I want to use shotgun mics because that's what I'm been using for twenty years in broadcast for audiences, the close pair will almost only pick up audience if they are directional enough and properly positioned in front of the stage. The distant pair will pick up the PA sound, but that's fine, I will duck their signal during speech and video sound. I want them to be directional too, because if I position them on stands let's say, three meters above the back of the audience, I want them to only pick up diffuse audience sound, and no talking that is possible to listen in to. The best is of course to position them at the bottom of the PA-speakers or hanging half-way into the hall, but that's just too much work for a conference, and it gets them closer to noisy projectors, moving lights with nasty spinning fans and the AC-system.

 

So basically, I'm looking for four small-sized shotgun mics, think camera mic, that I can position in pair on two piano bars. One pair on the floor in front of the stage (which is usually at least a meter high) and one pair at the back of the venue (which is about 55x55 meters when set up for full plenary session).

 

What is an example of "smooth"? Good question, maybe like Rode NTG2, not having super clarity but at the same time not being pokey in the upper mid-range. Colored sound, but still okay.

 

Microphones I don't like for the job, Sennheiser MKH-416 (too colored back-lobes and too long), Sennheiser ME66 (in my ears, harsh-sounding).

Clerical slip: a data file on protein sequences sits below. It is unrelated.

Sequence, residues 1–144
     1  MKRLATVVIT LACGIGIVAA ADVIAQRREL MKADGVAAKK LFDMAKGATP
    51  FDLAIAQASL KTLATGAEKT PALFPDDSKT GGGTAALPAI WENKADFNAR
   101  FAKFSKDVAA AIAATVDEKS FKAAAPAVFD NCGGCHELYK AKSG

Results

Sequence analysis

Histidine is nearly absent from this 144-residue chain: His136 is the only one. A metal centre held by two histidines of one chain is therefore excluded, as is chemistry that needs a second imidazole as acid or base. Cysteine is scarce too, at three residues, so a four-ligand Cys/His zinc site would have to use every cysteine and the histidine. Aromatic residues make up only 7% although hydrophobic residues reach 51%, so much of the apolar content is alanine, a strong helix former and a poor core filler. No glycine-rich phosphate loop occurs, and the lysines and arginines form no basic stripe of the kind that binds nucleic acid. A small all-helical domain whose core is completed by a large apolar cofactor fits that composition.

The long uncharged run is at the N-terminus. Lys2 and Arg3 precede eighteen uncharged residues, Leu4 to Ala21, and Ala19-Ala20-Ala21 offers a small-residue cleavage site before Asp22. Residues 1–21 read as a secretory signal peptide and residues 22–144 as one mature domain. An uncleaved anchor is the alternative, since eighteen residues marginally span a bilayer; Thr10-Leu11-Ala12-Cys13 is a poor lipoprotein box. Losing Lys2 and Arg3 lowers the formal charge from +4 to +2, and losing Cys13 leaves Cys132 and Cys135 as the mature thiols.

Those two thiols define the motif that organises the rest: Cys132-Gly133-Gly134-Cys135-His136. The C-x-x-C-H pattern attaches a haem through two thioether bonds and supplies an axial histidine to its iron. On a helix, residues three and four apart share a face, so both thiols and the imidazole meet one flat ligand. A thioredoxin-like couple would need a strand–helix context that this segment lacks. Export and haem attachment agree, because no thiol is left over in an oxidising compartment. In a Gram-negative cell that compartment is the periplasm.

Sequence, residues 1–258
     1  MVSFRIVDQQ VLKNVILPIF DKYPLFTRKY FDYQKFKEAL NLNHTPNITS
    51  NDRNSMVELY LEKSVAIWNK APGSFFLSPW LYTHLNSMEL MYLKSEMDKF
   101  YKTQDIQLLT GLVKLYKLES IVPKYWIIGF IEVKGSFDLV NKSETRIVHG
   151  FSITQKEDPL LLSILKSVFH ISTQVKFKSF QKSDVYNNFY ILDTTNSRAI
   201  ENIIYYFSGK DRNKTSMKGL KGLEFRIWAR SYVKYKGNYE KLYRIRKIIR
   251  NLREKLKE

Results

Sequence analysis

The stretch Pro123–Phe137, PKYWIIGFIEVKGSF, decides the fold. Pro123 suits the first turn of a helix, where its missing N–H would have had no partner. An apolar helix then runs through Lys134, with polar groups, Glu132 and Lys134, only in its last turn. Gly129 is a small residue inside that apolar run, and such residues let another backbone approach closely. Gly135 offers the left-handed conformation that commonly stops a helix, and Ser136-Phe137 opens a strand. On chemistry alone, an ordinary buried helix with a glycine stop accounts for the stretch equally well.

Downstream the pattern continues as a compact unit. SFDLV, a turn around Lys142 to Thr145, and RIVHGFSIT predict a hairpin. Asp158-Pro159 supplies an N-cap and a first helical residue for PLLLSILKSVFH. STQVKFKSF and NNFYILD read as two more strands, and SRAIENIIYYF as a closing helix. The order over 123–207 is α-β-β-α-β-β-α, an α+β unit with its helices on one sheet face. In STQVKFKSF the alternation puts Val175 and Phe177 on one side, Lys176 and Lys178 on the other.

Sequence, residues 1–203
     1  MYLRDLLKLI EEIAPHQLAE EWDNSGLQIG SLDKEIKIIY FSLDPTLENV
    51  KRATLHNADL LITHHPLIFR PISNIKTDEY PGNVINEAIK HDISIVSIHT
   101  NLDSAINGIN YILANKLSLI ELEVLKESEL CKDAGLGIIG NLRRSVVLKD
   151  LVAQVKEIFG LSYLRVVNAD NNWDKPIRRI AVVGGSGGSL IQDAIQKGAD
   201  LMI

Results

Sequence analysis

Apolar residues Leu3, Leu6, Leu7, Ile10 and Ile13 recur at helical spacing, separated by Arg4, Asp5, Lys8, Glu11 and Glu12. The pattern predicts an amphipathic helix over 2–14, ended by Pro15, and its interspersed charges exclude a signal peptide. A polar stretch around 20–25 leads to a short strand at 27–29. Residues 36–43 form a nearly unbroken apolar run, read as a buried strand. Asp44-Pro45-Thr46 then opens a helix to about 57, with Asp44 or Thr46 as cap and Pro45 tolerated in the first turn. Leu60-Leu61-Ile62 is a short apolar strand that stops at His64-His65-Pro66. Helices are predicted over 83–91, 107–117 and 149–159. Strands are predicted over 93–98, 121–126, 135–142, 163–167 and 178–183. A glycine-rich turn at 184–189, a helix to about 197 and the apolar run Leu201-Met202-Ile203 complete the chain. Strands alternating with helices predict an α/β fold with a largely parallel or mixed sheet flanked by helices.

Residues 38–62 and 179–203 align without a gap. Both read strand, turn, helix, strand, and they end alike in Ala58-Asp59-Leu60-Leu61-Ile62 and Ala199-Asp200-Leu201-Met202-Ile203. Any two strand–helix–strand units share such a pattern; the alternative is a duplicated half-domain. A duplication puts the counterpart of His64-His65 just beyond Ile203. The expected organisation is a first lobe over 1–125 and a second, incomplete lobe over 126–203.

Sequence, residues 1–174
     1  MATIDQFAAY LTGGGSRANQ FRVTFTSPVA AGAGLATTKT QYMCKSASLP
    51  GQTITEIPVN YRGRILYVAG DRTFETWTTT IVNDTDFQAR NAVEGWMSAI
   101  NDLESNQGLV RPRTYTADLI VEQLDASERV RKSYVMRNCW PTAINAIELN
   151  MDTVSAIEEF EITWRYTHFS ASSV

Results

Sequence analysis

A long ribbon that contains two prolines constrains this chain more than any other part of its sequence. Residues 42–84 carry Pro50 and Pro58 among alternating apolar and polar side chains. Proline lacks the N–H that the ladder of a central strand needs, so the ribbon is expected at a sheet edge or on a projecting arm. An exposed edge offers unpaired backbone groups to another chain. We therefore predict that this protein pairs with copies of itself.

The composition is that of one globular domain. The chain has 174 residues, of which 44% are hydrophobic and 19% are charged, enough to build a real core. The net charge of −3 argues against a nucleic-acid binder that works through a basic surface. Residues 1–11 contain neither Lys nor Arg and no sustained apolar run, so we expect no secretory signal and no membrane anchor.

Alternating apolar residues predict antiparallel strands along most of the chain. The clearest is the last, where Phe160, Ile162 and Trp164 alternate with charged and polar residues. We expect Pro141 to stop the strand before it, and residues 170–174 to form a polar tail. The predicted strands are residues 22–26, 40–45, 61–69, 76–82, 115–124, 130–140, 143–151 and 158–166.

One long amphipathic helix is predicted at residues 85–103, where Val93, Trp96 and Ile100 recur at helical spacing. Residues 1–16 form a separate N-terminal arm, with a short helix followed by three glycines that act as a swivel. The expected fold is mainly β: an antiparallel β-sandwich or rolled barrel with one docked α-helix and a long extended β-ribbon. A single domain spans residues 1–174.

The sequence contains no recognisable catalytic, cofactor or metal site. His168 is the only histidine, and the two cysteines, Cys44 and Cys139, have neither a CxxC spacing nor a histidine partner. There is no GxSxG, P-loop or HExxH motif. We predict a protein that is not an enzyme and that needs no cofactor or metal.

Problem is, that I am picky, even for audience mics.

 

But, any information is highly appreciated.

 


Thanks

Fred

14 minutes ago, IronFilm said:

Check out Rode NTG5 / Deity S Mic 2 / Deity S Mic 2S

 

Thanks for the tip! Appreciate it!

 

I've had my eyes on Deity, but never had the possibility to try them out.

 

Are you using them yourself?

 

 

Cheers

Fred

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15 minutes ago, Philip Perkins said:

I would not scrimp on this unless you have to.  Nice clear smooth spacious non-harsh applause audio is a hallmark of a really good live recording.

 

Agree!

 

And when I know that a conference is going to be streamed live on the Internet, I'm willing to go the extra mile with stereo ambience, like my last gig. I'm already making my Rec Feeds in the pocket by using Dugan auto-mixing, Cedar noise reduction and a Jünger broadcast processor (and four layers of dynamic processing in the Yamaha QL1 console) - and it sounds great!